Triangles and Sides  Problem
Given are 3 lines with lengths a, b and c.
Which conditions enable the construction of a triangle having a,b and c as sides?

Refer to figure 1. below.
The triangle has c as base. Angle C is the intersection of the circles with radii a and b,
and centres A and B. fig.1

now look at figure 2. fig.2

In fig.1, the construction of a triangle was possible. In fig.2 it is not.
The reason is clear : in fig. 2 , a en b together are smaller than c.

De condition therefore can be written as the inequality :
c < a + b
Of course, also must be valid::
a < b + c .............and
b < a + c
The following is funny:

If we call s half the perimeter of the triangle, then:
a + b + c = 2s

starting with the inequality

a < b + c...............we may write (left and right : add a)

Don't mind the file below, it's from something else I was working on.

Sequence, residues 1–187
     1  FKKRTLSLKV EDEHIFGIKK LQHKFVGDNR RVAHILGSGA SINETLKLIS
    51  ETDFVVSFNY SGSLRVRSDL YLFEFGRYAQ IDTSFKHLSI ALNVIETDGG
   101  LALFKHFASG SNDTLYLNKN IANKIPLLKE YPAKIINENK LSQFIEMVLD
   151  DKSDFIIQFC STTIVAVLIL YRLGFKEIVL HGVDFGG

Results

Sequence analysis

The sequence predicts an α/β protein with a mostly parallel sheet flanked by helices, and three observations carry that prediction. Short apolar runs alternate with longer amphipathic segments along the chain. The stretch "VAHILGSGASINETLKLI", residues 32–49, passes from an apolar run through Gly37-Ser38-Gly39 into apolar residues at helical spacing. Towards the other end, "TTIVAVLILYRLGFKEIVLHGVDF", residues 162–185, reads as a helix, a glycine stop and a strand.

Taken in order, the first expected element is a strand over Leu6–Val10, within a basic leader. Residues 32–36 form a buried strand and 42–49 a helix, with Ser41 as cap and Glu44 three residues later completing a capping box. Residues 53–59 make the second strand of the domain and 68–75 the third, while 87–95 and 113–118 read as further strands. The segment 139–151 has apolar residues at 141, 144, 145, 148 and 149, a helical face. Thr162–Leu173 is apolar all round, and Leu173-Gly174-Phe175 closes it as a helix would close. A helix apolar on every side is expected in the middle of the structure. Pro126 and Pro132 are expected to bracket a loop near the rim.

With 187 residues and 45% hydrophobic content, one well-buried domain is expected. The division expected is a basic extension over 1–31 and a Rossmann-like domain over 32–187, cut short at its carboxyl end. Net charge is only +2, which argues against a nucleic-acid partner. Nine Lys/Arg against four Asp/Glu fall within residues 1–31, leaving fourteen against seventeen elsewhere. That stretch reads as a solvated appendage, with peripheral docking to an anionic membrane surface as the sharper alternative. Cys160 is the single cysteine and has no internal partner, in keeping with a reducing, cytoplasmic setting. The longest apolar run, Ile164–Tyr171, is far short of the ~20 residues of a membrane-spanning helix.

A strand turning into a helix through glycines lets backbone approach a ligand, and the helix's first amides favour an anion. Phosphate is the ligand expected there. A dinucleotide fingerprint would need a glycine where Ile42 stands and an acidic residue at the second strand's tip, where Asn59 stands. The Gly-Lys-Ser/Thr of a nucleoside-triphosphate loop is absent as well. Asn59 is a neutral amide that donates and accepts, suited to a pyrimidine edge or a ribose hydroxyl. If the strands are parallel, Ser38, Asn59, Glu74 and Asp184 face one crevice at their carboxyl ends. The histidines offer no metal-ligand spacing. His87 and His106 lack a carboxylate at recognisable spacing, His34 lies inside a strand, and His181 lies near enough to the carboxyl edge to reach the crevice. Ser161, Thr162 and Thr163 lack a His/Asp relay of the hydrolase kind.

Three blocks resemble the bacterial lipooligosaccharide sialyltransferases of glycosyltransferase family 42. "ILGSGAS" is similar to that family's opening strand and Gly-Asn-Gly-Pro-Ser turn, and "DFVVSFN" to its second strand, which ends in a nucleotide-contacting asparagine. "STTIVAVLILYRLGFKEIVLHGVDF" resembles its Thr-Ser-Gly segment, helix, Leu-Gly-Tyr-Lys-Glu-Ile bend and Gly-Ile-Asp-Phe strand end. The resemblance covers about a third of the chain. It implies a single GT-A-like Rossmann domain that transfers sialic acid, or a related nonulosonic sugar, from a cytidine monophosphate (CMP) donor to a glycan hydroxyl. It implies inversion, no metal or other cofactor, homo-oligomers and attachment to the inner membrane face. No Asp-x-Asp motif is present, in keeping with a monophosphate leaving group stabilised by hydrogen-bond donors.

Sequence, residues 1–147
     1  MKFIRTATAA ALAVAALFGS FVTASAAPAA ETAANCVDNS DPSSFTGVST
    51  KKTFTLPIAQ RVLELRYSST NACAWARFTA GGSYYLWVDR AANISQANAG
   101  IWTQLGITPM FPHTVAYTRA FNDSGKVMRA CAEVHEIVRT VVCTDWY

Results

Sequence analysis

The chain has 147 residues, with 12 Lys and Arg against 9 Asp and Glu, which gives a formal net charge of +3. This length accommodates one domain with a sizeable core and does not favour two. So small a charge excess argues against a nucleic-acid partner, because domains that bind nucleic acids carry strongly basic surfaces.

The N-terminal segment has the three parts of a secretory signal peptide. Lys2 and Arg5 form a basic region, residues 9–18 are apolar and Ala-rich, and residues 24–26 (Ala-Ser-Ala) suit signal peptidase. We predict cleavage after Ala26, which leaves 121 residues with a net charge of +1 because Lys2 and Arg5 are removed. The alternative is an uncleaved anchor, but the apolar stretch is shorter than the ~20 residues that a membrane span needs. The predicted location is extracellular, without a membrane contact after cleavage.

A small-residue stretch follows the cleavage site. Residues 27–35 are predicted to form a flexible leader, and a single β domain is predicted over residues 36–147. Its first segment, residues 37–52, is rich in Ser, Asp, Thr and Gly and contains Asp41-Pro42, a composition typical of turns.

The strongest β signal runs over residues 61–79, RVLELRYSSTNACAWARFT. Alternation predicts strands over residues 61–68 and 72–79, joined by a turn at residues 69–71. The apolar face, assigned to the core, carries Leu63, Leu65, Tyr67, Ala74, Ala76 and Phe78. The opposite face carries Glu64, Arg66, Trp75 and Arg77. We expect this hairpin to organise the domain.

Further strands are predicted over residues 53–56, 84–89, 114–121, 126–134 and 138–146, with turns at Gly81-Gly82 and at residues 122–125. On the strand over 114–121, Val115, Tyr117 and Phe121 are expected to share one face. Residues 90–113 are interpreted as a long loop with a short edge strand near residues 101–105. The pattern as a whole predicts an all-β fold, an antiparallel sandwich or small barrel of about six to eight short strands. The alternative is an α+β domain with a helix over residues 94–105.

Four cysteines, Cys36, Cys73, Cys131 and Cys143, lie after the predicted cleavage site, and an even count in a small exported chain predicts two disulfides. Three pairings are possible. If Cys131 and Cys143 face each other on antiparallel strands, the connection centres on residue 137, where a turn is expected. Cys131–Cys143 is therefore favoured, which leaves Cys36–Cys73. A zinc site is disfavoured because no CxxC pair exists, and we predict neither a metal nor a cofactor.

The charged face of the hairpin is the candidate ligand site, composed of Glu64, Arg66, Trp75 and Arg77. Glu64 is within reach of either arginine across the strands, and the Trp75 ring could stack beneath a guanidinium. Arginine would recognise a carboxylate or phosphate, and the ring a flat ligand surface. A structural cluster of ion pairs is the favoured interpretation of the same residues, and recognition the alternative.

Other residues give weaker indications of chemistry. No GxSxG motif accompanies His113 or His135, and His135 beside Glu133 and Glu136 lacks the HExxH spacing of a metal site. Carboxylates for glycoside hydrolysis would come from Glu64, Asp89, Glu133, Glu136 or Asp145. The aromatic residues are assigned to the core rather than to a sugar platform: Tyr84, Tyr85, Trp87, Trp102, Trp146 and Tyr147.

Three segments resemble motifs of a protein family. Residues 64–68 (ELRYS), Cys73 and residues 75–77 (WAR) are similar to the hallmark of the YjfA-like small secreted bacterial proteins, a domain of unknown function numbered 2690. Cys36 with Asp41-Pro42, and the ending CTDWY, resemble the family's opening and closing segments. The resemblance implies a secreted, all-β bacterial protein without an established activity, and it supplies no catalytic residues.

2a < a + b + c
2a < 2s.................so
a < s
This should be true for b and c as well, so we state:
every side of a triangle must be smaller then half of the perimeter
Another nice problem
Given is a equilateral triangle containing an arbitrary point P.
From P, we add lines PA = a, PB = b and PC = c.

Prove, that a, b and c always may be sides of a triangle.
See figure 3 below: fig.3

Solution 1.
ABC is equilateral, assume it's sides have length z.
We observe:
a < z ...................and also
z < b + c
...........................combining:
a < b + c
and similar:
b < a + c
c < a + b
Which concludes the proof.

Solution 2.
We rotate the triangle by 60 degrees, A being the centre of the rotation.
So B arrives in C, C becomes C' en P becomes P'. see figure 4. fig.4

Triangle APP' is equilateral because LP'AP is 60 degrees and P'A = PA = a,
so LPP'A = LP'PA = 60 degrees.
So PP'= a and we notice that triangle CPP' has sides a,b and c.
Quite surprising.